While some students can pat themselves on the back for a job well done after quarter grades were sent home, others still have a great deal of work to do before semester grades are finalized in January. Whether students are hoping to earn a coveted A in their AP class or are just hoping to pass, they need to change how they study in order to improve their grade.
The first step is figuring out what went wrong. To improve grades, students need to avoid making the same mistakes that hurt their grades in the first place.
“It shouldn’t be a matter of raising the grade. It’s a question of why did the grade fall in the first place. Most of the effort should be done on the prevention side, because trying to raise your scores after the fact is very difficult,” said AHS teacher Nik Joshi.
For many students, the problem is getting distracted while they’re studying. According to Director of Burien Sylvan Learning Center, Jenny Haaland, M.Ed., distractions can be far more problematic than students might believe.
“You can make a half-hour long homework assignment turn in to three or four hours if you’re checking Facebook, if you have the TV on in the background, talking to friends, or texting in between,” said Haaland. “You think, ‘oh, it’ll just take me a second,’ but you’re actually distracting your mind from what you’re doing.”
Some students fall behind because they procrastinate on school work. For chronic procrastinators, waiting until the last minute on assignments can be a habit that leads to both stress and lower quality work.
“The quality of work is a lot better when you don’t have to rush. When you get things done early you have more time to do things that you want to do, like hang out with friends or listen to music,” said AHS junior Danika Drugge.
Turning in a significantly higher quality of work is necessary to improve grades. This means spending more time and effort on assignments.
“If you’re getting C’s on your papers, and you want to get a higher score, then the process of drafting and getting feedback and editing that paper before it’s due becomes really important. You can’t just get another C paper, that’s not going to raise your grade, you have to get an A paper to raise your grade. You have to do what A students do, and they edit their papers, they come up with new ideas. They’re thinking about it more, in a more complex way,” said AHS humanities teacher Marcie Wombold.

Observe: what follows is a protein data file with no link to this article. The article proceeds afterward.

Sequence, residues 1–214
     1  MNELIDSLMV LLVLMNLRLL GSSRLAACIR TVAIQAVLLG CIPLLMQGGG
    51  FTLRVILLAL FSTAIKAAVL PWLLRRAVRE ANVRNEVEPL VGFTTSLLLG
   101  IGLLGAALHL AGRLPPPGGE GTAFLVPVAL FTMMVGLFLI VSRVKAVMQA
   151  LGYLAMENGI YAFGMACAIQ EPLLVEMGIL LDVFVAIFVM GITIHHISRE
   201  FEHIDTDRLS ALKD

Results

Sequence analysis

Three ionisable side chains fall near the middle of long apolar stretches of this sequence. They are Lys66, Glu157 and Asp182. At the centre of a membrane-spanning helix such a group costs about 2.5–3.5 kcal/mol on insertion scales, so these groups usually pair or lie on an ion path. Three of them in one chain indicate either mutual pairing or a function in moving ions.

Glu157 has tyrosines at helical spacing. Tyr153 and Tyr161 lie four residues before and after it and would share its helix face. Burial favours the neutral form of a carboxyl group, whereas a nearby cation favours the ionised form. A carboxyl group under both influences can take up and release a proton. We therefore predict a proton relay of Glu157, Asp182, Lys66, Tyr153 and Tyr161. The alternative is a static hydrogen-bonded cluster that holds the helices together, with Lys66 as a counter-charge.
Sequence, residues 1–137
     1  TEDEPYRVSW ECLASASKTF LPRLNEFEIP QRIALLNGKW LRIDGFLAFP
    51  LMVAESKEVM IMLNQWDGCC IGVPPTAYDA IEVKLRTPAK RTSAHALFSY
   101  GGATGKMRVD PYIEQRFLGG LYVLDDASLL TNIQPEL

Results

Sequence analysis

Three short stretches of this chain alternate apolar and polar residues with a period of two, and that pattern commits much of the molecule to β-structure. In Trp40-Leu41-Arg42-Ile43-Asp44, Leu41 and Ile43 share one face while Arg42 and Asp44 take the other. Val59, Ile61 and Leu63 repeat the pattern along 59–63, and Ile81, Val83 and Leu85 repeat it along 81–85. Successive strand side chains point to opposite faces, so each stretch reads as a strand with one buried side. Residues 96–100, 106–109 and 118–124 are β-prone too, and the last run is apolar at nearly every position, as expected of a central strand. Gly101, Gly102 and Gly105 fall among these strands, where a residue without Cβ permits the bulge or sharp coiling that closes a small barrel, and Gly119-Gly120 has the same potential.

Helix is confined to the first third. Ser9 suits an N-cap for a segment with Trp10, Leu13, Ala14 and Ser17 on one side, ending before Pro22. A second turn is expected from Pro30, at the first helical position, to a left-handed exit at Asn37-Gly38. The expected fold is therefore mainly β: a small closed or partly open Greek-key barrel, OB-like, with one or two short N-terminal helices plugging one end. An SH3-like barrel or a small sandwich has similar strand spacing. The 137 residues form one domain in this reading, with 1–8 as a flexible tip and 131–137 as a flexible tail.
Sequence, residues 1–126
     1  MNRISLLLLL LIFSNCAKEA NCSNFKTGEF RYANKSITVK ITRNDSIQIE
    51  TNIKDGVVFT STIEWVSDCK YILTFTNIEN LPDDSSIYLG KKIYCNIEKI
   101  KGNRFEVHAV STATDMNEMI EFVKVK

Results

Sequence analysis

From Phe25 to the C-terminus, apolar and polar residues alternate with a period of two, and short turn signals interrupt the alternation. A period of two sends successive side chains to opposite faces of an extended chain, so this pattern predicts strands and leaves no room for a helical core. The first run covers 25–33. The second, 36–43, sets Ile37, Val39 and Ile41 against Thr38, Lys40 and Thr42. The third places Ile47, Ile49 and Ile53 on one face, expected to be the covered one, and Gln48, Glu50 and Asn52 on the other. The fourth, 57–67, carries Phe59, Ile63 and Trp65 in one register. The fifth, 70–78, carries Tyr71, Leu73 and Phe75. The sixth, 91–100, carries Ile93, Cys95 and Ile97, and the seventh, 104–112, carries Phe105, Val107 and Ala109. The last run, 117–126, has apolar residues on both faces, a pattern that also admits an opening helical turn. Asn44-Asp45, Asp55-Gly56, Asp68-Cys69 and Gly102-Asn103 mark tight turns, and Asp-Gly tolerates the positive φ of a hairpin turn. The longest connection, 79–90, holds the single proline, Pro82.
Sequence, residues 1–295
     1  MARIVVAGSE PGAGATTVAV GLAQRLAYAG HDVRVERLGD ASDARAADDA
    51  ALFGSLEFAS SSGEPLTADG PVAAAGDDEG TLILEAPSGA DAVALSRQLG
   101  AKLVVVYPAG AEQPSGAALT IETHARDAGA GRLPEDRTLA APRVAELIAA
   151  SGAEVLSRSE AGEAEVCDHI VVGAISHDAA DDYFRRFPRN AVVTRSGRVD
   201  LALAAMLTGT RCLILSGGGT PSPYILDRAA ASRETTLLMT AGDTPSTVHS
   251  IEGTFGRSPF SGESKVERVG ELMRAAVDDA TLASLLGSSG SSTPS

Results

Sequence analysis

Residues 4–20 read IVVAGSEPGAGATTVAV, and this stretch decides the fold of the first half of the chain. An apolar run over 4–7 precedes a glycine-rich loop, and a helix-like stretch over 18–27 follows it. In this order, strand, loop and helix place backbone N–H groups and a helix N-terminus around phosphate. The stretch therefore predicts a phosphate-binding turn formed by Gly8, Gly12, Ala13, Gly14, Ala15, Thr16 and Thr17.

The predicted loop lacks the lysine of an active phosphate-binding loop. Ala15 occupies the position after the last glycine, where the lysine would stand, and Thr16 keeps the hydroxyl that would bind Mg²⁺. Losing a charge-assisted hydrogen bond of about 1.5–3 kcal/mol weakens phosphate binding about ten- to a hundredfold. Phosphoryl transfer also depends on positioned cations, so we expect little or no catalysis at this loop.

However, procrastinating can be a difficult habit to beat. Breaking the habit is a matter of individual discipline and setting limits.
According to Haaland, the key to avoiding procrastination is to form a habit of getting work done early.
“It takes thirty consecutive days–thirty days without stopping once–to create a habit,” said Haaland, “You have to train it out of yourself.”
For students that don’t know what led to their poor grades, their teachers are an excellent resource.
“Many teachers are available for extra help or for feedback or to check, ‘Am I on the right track?’ and very few students actually take us up on that,” said Wombold, “It’s my A students who ask me ‘Are my notes complete?’ or, ‘Am I getting this idea correctly?’ and it shows in their performance, because if they’re not, I can redirect them.”
When students ask for help, they should bring in graded tests and assignments. This helps teachers understand what they need help with and provide more useful feedback as a result.
Students also need to communicate with teachers sooner rather than later. Whether they’re asking for an extension, or just asking for help, the sooner students tell teachers about problem, the more likely it is that it’s not too late.
“Be proactive, if you have a question, go ask for help,” said Joshi, “Asking a question in a panic the morning before a test is not the right time to be asking the question.”
Studying with peers can also help students understand what they’re missing.
“We are verbal creatures, we talk about movies we like and the music that we like, and the events we’re experiencing, so talk about what you’re learning in class,” said Wombold, “It will help solidify it for you.”
Getting organized is the most important step to getting on track. Not only does it help students stay on top of assignments, it saves them time overall.
“Students should be more organized because it just makes life easier,” said Drugge. “Instead of spending an hour looking for things, they could be using their time to do more important things.”
If better grades aren’t motivation enough, students can think of it in terms of spending less time doing homework.
“You work hard all the time, and if you work smarter with the time that you use, then you’ll be able to have more fun in it, and find that balance between working hard and playing hard,” said Wombold. “It’s important to have downtime too… you’re not having fun when you’re procrastinating. So plan fun, and plan work.”
For most students, getting organized means using a planner. Some may find that a virtual one such as Google Calendar is more useful to them. Not only is Google Calendar accessible anywhere, it can sync with smart phones, to help keep users on track.
“What’s great about the virtual calendar—I live off my virtual calendar—is you can create repeating events, and even set alarms,” said Haaland, “So then your phone will go off and remind you that you should be studying right now.”
Raising grades is an individual process and requires students to be honest with themselves about the effort they’re putting into their classes.
“I think every student knows in their heart when they’re studying effectively, and when they’re not,” said Joshi. “It’s a matter of having the maturity to admit it to themselves and to act on it.”